Ulysses: Looking at the stately Federal
facade of the Carter House nestled within a shady grove of ancient
trees beside a small two-lane road near the historic district of
Franklin, Tennessee, you would never guess this quiet home was once
the site of one of the bloodiest battles of the Civil War.
Battle of Franklin:
November 30, 1864, General John Bell Hood, C.S.A. attacked the Federal
army commanded by Major General John Schofield. The Federal troops
were entrenched behind fortifications that ringed Franklin. This
small town lay only twenty miles south of Nashville, the target
of Schofield's advance. Photo: Carter House.
In the mid-afternoon, Hood sent his poorly-equipped
and underfed Confederates across two miles of open fields against
the Union front. The Carter House sat directly in the center between
the two lines of battle. 23,000 Rebels met 28,000 Federal soldiers
in headlong combat.
Carter family, including thirteen children, took refuge in the stone
cellar under the house as the maelstrom raged over their heads.
Federal soldiers used the front bedroom and parlor as sniping positions
while they fired their muskets at the enemy, who returned fire from
the far side of the barn and icehouse. Not one brick in the south
wall of the kitchen escaped a bullet hole. Photo:
Carter House. You can see the small window in the stone basement
where the family hid during the battle. The window was blocked up
with pieces of firewood during the fight.
Robert E.: Twice Yankee soldiers tried to
invade the Carter family's safe haven in the cellar and were twice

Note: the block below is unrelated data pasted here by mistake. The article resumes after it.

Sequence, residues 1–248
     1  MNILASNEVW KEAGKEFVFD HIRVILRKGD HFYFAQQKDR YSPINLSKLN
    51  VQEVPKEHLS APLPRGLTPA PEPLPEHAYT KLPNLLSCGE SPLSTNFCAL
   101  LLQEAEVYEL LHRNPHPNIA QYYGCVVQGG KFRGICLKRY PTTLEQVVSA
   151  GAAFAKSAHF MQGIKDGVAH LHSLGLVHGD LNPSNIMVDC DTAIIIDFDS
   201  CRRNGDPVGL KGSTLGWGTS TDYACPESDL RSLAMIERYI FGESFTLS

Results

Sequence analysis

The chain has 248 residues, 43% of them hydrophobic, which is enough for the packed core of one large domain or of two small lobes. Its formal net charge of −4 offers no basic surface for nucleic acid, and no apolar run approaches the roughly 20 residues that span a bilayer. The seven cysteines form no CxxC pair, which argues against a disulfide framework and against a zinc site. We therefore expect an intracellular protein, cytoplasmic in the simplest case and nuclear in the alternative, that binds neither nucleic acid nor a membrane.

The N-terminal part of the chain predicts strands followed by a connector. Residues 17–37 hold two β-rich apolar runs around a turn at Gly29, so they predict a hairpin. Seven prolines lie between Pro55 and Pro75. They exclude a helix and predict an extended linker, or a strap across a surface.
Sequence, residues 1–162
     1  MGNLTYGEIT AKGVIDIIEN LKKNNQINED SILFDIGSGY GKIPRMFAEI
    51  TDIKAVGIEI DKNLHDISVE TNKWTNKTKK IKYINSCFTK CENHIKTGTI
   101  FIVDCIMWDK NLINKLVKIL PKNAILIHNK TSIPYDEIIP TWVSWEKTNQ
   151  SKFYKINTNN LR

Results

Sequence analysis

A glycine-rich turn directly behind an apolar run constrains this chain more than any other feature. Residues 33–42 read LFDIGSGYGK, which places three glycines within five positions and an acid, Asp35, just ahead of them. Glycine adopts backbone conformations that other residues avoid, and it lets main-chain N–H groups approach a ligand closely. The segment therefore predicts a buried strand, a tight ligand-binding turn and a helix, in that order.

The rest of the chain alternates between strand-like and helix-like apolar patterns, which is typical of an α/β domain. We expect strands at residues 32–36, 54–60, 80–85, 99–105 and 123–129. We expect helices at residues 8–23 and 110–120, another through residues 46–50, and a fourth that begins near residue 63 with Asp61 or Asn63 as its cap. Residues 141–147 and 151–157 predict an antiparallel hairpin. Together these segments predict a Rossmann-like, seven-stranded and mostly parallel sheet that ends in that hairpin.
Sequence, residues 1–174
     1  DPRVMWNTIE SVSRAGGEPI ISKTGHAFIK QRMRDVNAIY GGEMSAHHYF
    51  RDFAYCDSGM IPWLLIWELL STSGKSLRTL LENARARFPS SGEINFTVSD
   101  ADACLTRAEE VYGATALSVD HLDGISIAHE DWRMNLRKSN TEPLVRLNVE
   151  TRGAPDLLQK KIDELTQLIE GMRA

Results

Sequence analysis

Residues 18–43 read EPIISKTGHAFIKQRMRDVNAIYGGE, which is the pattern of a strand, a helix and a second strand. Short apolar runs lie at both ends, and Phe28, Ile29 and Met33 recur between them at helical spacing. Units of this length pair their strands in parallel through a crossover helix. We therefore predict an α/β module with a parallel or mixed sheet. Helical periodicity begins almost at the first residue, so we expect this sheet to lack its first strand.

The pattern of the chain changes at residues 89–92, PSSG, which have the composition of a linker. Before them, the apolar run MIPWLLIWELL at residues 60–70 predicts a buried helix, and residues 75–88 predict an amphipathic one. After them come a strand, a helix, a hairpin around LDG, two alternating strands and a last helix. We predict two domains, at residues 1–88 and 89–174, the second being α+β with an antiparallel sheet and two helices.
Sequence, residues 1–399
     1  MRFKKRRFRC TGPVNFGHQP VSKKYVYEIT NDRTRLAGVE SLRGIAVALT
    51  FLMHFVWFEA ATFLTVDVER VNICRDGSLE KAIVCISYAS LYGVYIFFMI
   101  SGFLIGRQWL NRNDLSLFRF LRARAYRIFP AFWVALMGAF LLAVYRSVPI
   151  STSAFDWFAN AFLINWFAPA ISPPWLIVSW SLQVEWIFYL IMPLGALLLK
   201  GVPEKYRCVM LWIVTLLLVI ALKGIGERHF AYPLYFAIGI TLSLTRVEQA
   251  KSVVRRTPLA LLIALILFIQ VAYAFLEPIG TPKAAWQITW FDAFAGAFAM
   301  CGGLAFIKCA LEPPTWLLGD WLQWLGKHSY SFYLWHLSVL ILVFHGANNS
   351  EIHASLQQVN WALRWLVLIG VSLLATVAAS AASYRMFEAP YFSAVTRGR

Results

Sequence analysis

repulsed by old Mr. Carter. The children spent the five hours of
the engagement hiding behind barrels of flour and other supplies
at the far end of the cellar.
Ulysses: I do not blame the soldiers for
seeking a safe place out of the hail of bullets. The battle took
a fearful toll. At 9 p.m., when General Hood gave the order to disengage
the attack, the Confederates had lost over 6,250 men including six
generals killed-- the highest number of generals ever lost in a
single battle. One of the Southern casualties was Captain Tod Carter,
eldest son of the beleaguered household. He died in his own bed
two days after the fight. The Union casualties were a little over
Carter House stands as a mute testimony to the ferociousness of
warfare. Over 1,000 bullet holes are still plainly visible in the
walls of the main house, the kitchen, the barn, and the store house.
Carter House has the dubious distinction of being the most bullet-riddled
building still standing in the United States.
Signing -- The Carter House Museum:
E.: Unlike that cold November afternoon, Carter House was warm and
peaceful on July 15 when a book signing for Mary was hosted by museum
director Thomas Cartwright and the Carter House staff.
Period Songs by
Paul and Kim Caudell:
people came, including Paul and Kim Caudell, two musicians who specialize
in period songs. They arrived wearing clothing from the 1860's.
the two hours of the book signing, Paul and Kim regaled the visitors
with lively camp songs and tender ballads of the period, including
one they wrote titled, "Last Letter Home." This song is based on
a real letter displayed in the Carter House Museum. Photo: Paul
Caudell on guitar and Kim on the fiddle playing inside the Carter
House Museum (left), Kim and Paul Caudell in a period pose (right).
E. Makes a Friend:
Kim took a shine to Robert E. He always could catch a lady's eye.
She was so pleased when Mary presented one
of Robert E.'s brothers to her.
Photo: Kim and Paul
in a period pose. Kim holding Robert E. She is supposed to be looking
serious, but she is so happy with Robert E. that a smile creeps
across her face.
Stop -- Kentucky!
After a very pleasant afternoon at Carter House, we packed up the
car again and drove north into Kentucky.
Abe: Next time, it will be my pleasure to
tell you what we did there.
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